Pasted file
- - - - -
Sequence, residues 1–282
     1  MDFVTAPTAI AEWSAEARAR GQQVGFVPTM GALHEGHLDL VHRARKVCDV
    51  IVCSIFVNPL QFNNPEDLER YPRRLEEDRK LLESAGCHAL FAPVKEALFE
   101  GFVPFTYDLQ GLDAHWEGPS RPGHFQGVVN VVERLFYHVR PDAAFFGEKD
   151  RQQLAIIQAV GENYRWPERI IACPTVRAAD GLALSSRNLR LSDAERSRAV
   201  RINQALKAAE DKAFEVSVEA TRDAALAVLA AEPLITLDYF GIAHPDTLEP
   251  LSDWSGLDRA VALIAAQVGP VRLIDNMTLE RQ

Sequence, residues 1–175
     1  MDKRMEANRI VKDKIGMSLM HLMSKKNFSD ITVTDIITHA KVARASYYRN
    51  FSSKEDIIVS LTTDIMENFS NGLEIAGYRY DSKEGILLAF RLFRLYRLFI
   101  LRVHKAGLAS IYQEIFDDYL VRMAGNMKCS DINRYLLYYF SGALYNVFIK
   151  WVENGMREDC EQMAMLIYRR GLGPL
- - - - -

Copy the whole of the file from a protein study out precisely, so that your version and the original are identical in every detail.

Sequence, residues 1–282
     1  MDFVTAPTAI AEWSAEARAR GQQVGFVPTM GALHEGHLDL VHRARKVCDV
    51  IVCSIFVNPL QFNNPEDLER YPRRLEEDRK LLESAGCHAL FAPVKEALFE
   101  GFVPFTYDLQ GLDAHWEGPS RPGHFQGVVN VVERLFYHVR PDAAFFGEKD
   151  RQQLAIIQAV GENYRWPERI IACPTVRAAD GLALSSRNLR LSDAERSRAV
   201  RINQALKAAE DKAFEVSVEA TRDAALAVLA AEPLITLDYF GIAHPDTLEP
   251  LSDWSGLDRA VALIAAQVGP VRLIDNMTLE RQ

Sequence, residues 1–175
     1  MDKRMEANRI VKDKIGMSLM HLMSKKNFSD ITVTDIITHA KVARASYYRN
    51  FSSKEDIIVS LTTDIMENFS NGLEIAGYRY DSKEGILLAF RLFRLYRLFI
   101  LRVHKAGLAS IYQEIFDDYL VRMAGNMKCS DINRYLLYYF SGALYNVFIK
   151  WVENGMREDC EQMAMLIYRR GLGPL